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Some readers of this post may be familiar with delicious.com and the ability to connect with others using this social bookmarking site.  If so, you may want to skip this post as the information I am about to share may be somewhat basic for the experienced delicious.com user.

During the eci831 Sept. 20th session, the class was presented with some of the essential web tools that will be used during this course.  I have been working on my blogging skills using Word Press and so far I have been able to put together a relatively basic and functional blog.  With some level of comfort in this, I moved onto the next tool, delicious.com. Why use delicious.com? There has to be a reason why this is an essential course tool for eci831.  I started by watching a few YouTube videos (this video uses the old delicious.com address) and then with a basic understanding, weighed the pros and cons of learning another web-tool. I thought “Why do I need to log onto this site to access bookmarks that I already have saved in my favorites?”  Simply put, delicious.com allows me to access my bookmarks if I am not at my own computer.  Makes sense right?  Yes, but as I activated an account and started exploring the tool, I realized that the benefit for me (and I assume others) is much more than the ability to simply add bookmarks and bundle them.  For me the power and usefulness of delicious.com is the ability to connect and network when exploring the bookmarks of other delicious.com users. It’s a pretty simple process of adding bookmarks and tagging them which allows you to then see how many other delicious.com users have tagged and bookmarked similar sites. For example, I am teaching Social Studies 9 and am currently researching Ancient Mesopotamia.  I found a relevant site, added it to my bookmarks, tagged it “mesopotamia.” That completed, I saw that 122 other delicious.com users have bookmarked this site. I can then check out their bookmarks and any other bookmarks associated with the tag “mesopotamia.” Very quickly, my resource file of any and all things “mesopotamia” grew very rapidly.  The next phase of my learning and use of delicous.com is to determine how to feed this information back to me with (I am assuming) a RSS feed.  I would appreciate any advice on this and welcome all tips and suggestions associated with delicious.com . Tomorrow, my grade 8/9 social class begins using delicious.com and I am sure they will find it as useful and as engaging as I do.  Having said this, I am sure that most of them are already using it and as usual I have now caught up to my students!

To continue from my last post regarding staff and student participation in extracurricular activities, I have begun some research on the topic.  More specifically, the benefits of these activities on student performance at school.  One of the first articles I found was in Regina’s daily newspaper, the Leader-Post, August 24th, 2011.  This article provides a basic summary of the benefits of extracurricular activities for students.  Although I believe it is widely accepted that these activities are beneficial for students, this article does provide some information that may be useful to staff, students and parents/caregivers.  I welcome all discussion and feedback on this topic and more specifically this article. Extracurricular activities could help improve school performance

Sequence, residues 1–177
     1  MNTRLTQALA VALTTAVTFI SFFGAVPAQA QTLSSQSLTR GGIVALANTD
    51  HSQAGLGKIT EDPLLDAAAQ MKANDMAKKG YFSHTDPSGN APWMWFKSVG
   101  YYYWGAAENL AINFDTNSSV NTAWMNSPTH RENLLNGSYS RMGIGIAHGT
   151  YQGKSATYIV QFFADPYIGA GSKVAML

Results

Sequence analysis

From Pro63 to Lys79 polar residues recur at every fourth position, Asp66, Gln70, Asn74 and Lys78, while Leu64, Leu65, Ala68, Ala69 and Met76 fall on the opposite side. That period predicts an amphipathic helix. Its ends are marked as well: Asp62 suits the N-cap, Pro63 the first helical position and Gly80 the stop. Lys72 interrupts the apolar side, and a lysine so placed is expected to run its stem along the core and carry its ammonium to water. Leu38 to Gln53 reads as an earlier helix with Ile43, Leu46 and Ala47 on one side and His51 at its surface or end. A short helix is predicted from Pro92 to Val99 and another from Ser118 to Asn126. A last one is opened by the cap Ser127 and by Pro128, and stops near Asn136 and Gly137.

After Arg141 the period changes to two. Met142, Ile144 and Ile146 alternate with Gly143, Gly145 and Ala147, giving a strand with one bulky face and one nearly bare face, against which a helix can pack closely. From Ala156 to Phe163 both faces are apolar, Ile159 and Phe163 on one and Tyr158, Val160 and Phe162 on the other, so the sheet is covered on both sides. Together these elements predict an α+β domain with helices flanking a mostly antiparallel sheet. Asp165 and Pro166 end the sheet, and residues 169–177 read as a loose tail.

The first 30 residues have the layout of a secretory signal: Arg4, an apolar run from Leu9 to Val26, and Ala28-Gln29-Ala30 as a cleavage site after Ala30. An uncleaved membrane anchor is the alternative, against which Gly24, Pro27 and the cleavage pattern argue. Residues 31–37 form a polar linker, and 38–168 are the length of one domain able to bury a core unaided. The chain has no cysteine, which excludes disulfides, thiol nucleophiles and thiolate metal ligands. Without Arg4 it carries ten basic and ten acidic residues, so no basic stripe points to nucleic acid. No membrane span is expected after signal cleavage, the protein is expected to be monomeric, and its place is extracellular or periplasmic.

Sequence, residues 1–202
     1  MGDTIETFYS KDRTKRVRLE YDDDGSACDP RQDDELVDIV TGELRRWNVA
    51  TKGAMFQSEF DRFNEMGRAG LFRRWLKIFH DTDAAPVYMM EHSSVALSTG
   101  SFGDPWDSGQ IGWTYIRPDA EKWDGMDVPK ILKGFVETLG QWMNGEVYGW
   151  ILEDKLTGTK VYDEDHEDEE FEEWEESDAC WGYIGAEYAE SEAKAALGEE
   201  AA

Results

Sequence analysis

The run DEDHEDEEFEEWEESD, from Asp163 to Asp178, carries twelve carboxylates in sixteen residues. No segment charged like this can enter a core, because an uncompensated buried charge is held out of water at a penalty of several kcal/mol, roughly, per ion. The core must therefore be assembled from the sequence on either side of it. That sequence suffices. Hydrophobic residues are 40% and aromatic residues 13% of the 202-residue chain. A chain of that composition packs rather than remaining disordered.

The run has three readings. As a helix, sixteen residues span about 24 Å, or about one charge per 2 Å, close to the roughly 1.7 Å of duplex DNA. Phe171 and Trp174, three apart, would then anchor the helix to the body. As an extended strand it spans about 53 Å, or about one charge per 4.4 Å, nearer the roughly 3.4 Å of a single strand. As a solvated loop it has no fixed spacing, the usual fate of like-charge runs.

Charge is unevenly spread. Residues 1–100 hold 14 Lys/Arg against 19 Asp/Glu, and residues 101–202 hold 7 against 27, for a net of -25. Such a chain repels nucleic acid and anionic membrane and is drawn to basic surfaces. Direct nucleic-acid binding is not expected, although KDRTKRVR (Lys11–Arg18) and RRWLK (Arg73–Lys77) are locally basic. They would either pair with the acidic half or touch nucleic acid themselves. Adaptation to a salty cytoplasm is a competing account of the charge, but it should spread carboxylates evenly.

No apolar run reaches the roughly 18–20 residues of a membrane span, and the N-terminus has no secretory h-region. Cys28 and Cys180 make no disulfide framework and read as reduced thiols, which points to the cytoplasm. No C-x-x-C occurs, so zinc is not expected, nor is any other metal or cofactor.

As an avid rugby fan, coach and former player, I am thoroughly enjoying watching the Rugby World Cup taking place in New Zealand this fall. Although the time difference can make it a bit inconvenient to watch live games, the invention of the PVR makes the life of the die-hard fan much easier. Team Canada played their opening match against Tonga on Sept. 14th, 2011. Being a proud Canadian and a bit of a purist, I had to watch the game live and became quite caught up in the match as Canada went up, down and up again to secure a win. The fan in me cheered, agonized and hoped for a victory. The player in me imagined the crunch of the tackles and remembered the force of a scrum. The teacher and coach in me analyzed tackle positions, critiqued set piece formations and identified fundamental ball handling skills. After the game and upon reflection a day or more after, I also began to reminisce on my days as a high school coach that started in Saskatchewan and carried on into rural Alberta. The connections made with the players I coached and the educators I coached with provided me with some of the most valuable professional development I have ever experienced. Teaching skills, overcoming adversity, winning, losing and connecting with students on another level outside of the classroom will surely be counted as some of the highlights of my teaching career. Having said this, how does an educator balance the demands of self, family, teaching with countless hours on the pitch…or the basketball court, or the stage, or whatever? Although the benefits of coaching and leading in extra-curricular events is without a doubt, in my opinion, beneficial to both teacher and student, where is the balance and can there indeed be balance? I welcome discussion and perspective on this topic and will close this post by leaving a link of the Canada/Tonga match highlights and well wishes to Team Canada as they prepare to play France on Sunday.

Well, here we are!

Posted: September 15, 2011 in Uncategorized
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Tonight I begin with my first post in my first blog. With this post I begin my journey into the world of graduate education. Technologically speaking, I am an educator who has experienced hand written report cards, using email when it was a novelty, teaching at an online school, moving back to a traditional classroom and school environment and now beginning the next phase of my education with an online course.  As many teachers of my vintage may attest, this journey has been fast-paced, at times frustrating, rewarding and always with a glimpse to future possibilities.  Possibilities that may lead to increased learning opporunities for the students I serve as well as my personal growth and development as an educator. I look forward to the journey ahead in EC & 831 and the skills, knowledge and connections I will gain in the process.